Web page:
Thursday, January 8, 2009
Cold weather in Europe catching many by surprise
Following some milder weather in mid December, temperatures across much of Europe have been extremely cold from late December through January. London is in the midst of a stretch of several evenings with sub-zero temperatures (5 and counting), which has lead to an unusually high number of infrastructure related problems such as water pipe bursts and tank ruptures. It is not necessarily noteworthy that there are sub-zero temperatures in winter in the UK, it is just that a stretch of days where minimum temperatures drop to these levels is unusual. This stretch of cold days is significantly cooler than both last year as well as normal, so utility operators and/or weather risk managers who were planning energy load requirements off of either variable (LY or normal) were likely caught off-guard. The effects spill over into the energy markets, where incidentally, the timing of this weather event is not so great (UK natural gas is currently at a three year high). Aside from the financial and infrastructure implications, there are also obvious concerns which address the effects of the cold snap on human health and safety.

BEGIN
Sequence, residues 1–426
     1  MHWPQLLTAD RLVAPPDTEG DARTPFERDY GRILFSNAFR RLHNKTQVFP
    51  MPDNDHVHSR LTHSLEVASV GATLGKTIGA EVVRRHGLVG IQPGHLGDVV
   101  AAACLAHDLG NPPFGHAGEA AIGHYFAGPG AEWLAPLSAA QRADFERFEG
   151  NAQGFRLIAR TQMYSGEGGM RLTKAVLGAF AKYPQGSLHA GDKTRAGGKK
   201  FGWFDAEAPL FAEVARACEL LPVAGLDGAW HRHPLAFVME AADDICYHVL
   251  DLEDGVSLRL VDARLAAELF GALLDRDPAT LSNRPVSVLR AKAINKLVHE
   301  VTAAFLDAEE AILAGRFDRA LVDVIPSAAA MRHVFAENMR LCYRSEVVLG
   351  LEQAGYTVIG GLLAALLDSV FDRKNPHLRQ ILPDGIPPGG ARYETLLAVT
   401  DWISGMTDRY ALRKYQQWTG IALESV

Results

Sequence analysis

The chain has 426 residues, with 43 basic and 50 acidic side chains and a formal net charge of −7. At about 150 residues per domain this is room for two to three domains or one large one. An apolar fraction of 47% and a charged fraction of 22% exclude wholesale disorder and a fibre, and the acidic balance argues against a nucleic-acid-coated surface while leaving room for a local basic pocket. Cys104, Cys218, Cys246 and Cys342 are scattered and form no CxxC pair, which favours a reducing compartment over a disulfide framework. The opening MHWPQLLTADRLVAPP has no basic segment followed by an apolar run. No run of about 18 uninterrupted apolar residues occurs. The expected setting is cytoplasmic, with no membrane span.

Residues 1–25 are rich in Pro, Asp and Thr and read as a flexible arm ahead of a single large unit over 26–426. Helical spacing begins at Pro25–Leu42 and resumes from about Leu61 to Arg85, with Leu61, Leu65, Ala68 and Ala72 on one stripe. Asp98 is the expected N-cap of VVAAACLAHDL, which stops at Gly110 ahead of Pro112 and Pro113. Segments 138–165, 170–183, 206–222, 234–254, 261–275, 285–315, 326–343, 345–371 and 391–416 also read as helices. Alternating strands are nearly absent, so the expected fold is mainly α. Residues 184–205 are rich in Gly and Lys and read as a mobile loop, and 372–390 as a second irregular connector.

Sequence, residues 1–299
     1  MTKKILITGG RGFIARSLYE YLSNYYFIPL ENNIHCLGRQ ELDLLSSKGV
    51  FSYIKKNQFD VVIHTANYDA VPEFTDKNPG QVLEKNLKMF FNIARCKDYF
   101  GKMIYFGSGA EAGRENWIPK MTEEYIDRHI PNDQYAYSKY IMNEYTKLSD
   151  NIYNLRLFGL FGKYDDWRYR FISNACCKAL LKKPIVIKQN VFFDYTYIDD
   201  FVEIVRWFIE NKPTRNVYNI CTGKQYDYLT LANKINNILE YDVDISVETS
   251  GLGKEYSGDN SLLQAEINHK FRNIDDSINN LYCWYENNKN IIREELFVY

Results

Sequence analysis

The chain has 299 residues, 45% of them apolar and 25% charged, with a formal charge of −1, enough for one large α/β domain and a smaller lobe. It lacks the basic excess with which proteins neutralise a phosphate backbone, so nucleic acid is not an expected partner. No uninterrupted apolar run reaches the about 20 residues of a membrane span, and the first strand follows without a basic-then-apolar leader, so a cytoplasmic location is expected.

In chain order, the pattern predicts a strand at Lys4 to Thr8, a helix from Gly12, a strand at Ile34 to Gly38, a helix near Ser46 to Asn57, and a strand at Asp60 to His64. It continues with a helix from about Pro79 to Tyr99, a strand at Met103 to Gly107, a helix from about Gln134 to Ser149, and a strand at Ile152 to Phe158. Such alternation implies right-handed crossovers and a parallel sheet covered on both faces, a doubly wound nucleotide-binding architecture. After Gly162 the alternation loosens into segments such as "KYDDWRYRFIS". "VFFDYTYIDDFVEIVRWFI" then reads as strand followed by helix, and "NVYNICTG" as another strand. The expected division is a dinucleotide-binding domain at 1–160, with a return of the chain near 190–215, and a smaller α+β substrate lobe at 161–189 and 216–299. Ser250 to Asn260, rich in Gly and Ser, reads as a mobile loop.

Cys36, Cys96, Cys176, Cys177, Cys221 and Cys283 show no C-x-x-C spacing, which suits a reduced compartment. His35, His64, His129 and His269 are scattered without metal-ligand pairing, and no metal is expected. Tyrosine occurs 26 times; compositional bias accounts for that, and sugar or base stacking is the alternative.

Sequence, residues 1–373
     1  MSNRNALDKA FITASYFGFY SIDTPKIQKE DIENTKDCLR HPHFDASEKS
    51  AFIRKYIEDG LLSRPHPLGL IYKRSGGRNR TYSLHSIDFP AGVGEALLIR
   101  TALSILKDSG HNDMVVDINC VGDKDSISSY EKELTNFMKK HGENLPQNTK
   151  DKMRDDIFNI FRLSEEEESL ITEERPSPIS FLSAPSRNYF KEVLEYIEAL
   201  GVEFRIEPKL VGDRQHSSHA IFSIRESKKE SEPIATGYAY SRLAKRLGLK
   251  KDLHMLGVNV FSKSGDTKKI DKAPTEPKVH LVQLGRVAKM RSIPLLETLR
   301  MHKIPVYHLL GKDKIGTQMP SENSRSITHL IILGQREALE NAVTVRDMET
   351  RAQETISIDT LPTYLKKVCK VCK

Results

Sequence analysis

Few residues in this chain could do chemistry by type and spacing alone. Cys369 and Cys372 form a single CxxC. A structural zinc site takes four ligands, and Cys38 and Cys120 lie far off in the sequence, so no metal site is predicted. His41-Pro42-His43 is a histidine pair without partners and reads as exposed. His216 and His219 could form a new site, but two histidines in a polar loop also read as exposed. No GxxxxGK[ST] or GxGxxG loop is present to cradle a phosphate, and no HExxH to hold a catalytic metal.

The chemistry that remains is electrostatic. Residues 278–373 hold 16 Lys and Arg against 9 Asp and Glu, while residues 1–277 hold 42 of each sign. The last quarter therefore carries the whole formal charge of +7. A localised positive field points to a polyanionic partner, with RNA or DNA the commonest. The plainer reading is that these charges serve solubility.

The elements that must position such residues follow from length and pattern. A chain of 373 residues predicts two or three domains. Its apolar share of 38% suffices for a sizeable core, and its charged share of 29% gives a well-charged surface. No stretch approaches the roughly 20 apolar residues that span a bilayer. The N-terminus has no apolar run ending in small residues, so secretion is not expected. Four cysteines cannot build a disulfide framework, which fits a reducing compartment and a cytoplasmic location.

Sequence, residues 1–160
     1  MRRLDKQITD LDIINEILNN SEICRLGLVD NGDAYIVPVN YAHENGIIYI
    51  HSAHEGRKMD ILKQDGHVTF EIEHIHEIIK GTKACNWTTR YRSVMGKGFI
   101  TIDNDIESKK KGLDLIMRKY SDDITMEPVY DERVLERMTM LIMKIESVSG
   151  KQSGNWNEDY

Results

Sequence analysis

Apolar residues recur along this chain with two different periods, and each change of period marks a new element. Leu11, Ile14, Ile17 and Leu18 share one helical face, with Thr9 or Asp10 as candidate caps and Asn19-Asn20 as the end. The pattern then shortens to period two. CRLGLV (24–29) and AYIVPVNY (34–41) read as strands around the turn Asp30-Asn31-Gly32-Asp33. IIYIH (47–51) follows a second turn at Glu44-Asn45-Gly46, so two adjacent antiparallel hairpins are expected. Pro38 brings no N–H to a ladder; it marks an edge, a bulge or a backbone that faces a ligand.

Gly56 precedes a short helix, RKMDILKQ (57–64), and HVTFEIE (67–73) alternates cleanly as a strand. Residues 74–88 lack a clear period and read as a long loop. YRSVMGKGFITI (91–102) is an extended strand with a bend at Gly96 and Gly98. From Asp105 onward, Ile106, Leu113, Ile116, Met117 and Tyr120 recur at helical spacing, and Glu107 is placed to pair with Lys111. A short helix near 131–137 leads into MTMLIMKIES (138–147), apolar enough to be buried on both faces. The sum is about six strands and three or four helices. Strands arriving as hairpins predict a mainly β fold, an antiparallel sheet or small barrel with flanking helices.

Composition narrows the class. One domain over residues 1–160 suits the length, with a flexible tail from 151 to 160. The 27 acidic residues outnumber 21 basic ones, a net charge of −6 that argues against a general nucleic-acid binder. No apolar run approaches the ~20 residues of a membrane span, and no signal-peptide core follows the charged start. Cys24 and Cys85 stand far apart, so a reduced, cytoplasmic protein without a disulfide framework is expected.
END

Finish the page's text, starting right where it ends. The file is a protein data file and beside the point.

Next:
Despite the unpleasant conditions that are making life uncomfortable for many UK residents who are without water, power, or both, this sustained Arctic blast was not an unforeseeable event. The use of weather derivatives are one way to protect against this risk. Another is through the use of better long range seasonal outlooks. The chart below highlights the weather forecast for 24 UK markets made by Weather Trends International. Note that this was a long range temperature forecast for the UK, which we made several months in advance. The bars indicate the forecasted year over year temperature (by day), and the solid line shows the observations through 07 January 2009. The ‘hit rate’ for this period, which represents the number of days during the specified period where our long range forecast was directionally accurate, is 78%. Our forecast captured both the magnitude and the timing of this shift from warm to cool, which commenced right around the Christmas holiday.